Why are you getting married?
What is the purpose or “end-goal” for marriage for each of you? Do your meanings and purposes differ? Will this create conflict? Are you wanting to grow old, gray, fat, and wrinkly together? Can you still picture yourself being in love with this old, fat, wrinkly version of your person? What do you see in your person now that you can see being in love with long-term, regardless of impending and inevitable changes?
What does the rest of the world say about the purpose and goal of marriage? Do each of you agree with these same ideals? What do each of your families say about the importance of marriage? Do either of you come from divorced parents? Will these experiences clash for you and the value you hold to marriage?
4. Figure out your goals and values to see if they align
A fun way to do this, since everything up to this point has been pretty serious, is to create individual vision boards together (Google this fun activity if you don’t know how to). Get the creative juices flowing! Once complete, compare and contrast your vision boards. However, recognize that your visions may change over time and that you might create new visions together once married. You may also want to pursue certain visions or goals that your partner wants to. How will you change your focus and attention to these without compromising your own values and goals? It is important to be open to each other’s passions. Dream together! Now is your chance – get excited about your future together by picturing it!
5. For all you pet lovers…
Own a pet together or any other mutual investment! This will be helpful especially if you are open to having children together in the future. Owning this mutual investment together and sharing the responsibilities for it will engage you in a way that your relationship may have not already experienced before. You may even love each other more or in a different way once you intimately love or devote yourself to something else. Witnessing your partner’s love and devotion to this other creature or investment that you own together will draw you closer in a beautiful way.
6. Anticipate obstacles and challenges & decide how to address them
Life often throws curve balls at you that you may never expect. How will you manage these curve balls together? In a marriage, you are not alone in life, so learn how to lean on each other. Be realistic about situations, mourn when it’s time for mourning, but move forward together when it’s time to rebuild.
Are there important “what ifs” to consider that might be helpful to address with your partner before marriage? For example, if someone in the partnership is experiencing a job loss or prolonged unemployment, how will you handle this and work through it together? What does each of you need to get through the tough times? Often, unexpected life situations that happen last longer than a week. So, will you just need validation and comfort for the unfortunate thing that happened for a week until you will be ready to accept help to fix it?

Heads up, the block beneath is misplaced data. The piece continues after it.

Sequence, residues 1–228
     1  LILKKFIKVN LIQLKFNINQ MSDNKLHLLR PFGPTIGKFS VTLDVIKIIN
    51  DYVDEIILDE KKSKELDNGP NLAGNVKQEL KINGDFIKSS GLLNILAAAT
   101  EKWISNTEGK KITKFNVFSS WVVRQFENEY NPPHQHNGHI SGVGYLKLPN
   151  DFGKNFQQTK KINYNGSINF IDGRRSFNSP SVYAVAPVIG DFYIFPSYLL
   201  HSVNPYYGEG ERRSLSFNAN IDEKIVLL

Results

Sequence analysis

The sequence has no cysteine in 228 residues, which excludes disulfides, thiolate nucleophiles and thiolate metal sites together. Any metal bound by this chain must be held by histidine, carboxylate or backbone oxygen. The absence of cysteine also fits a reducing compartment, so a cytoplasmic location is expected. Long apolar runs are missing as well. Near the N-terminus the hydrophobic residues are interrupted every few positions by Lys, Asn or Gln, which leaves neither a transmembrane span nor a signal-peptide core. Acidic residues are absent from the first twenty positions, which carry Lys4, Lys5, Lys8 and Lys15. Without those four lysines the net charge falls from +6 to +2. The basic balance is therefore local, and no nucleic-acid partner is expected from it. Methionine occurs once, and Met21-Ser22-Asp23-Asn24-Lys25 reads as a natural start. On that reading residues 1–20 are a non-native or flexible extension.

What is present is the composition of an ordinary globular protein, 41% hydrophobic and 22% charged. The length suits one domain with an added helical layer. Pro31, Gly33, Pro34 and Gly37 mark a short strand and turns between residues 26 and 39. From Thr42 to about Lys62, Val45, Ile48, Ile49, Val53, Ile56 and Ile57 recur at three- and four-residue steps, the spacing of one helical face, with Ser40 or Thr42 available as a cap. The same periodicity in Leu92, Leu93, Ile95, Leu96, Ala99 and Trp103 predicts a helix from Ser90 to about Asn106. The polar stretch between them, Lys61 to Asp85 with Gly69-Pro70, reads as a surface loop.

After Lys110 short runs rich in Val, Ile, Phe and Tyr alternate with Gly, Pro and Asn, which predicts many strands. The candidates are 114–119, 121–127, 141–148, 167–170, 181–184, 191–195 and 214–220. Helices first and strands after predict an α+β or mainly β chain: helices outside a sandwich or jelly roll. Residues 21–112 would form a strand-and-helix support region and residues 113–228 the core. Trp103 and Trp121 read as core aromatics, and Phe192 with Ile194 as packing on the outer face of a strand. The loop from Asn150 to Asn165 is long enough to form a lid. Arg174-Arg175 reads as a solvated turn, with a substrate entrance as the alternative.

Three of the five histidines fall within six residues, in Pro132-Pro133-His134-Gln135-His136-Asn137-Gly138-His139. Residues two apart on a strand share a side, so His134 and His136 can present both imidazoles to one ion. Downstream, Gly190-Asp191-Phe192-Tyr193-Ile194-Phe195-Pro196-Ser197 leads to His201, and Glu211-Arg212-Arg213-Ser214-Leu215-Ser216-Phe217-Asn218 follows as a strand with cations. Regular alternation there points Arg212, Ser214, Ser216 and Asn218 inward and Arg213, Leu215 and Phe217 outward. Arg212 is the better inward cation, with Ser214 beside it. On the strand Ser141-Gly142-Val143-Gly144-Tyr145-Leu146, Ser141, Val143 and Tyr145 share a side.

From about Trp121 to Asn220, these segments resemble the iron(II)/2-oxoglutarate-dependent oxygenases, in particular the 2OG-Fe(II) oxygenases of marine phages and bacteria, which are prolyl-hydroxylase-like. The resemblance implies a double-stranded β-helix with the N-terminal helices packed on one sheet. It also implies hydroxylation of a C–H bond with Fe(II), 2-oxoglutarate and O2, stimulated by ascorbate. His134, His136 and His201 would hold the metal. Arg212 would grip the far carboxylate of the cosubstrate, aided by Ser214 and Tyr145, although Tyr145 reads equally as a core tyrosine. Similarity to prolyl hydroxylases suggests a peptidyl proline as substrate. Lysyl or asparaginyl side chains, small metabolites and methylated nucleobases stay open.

7. Learn about the importance of being “refined by fire” in a marriage
“Like fire that purifies, relationships must also go through the fire in order to be purified.”
Who have you become? What did you do in times of trials to form you into the type of person you are today? Did you let the fire refine you or did you let it burn you? How did you react to situations that made you a stronger person?
*see stress in a relationship article
Start setting boundaries early if needed. Perhaps one partner requires “space” more than the other. Boundaries do not necessarily mean that you are shutting someone out. They more likely mean that you are opening yourself up to growth by giving space or being aware of what is best or most appropriate for your relationship.
9. Practice verbalizing expectations and expressing needs
Although communicating about plans for the weekend is necessary and a great way to practice this skill, communication is, more importantly, verbalizing the tough things that the other person may not like to hear and the tough things that are difficult for you to tell about yourself.
10. Flexibility with change
What happens for you as a couple when things don’t go as planned or when you experience stress? Are you able to put aside pettiness? Are you demanding? Do you know how to reconnect? Here’s a great question to practice when you need to reconnect: “What do we need to do to make us better?” Before asking this question, put aside all distractions, face toward each other with your bodies, and look into your partner’s eyes no matter how disconnected you are feeling with one another.
The counseling team at Road to Growth Counseling is here to help you reach your goals.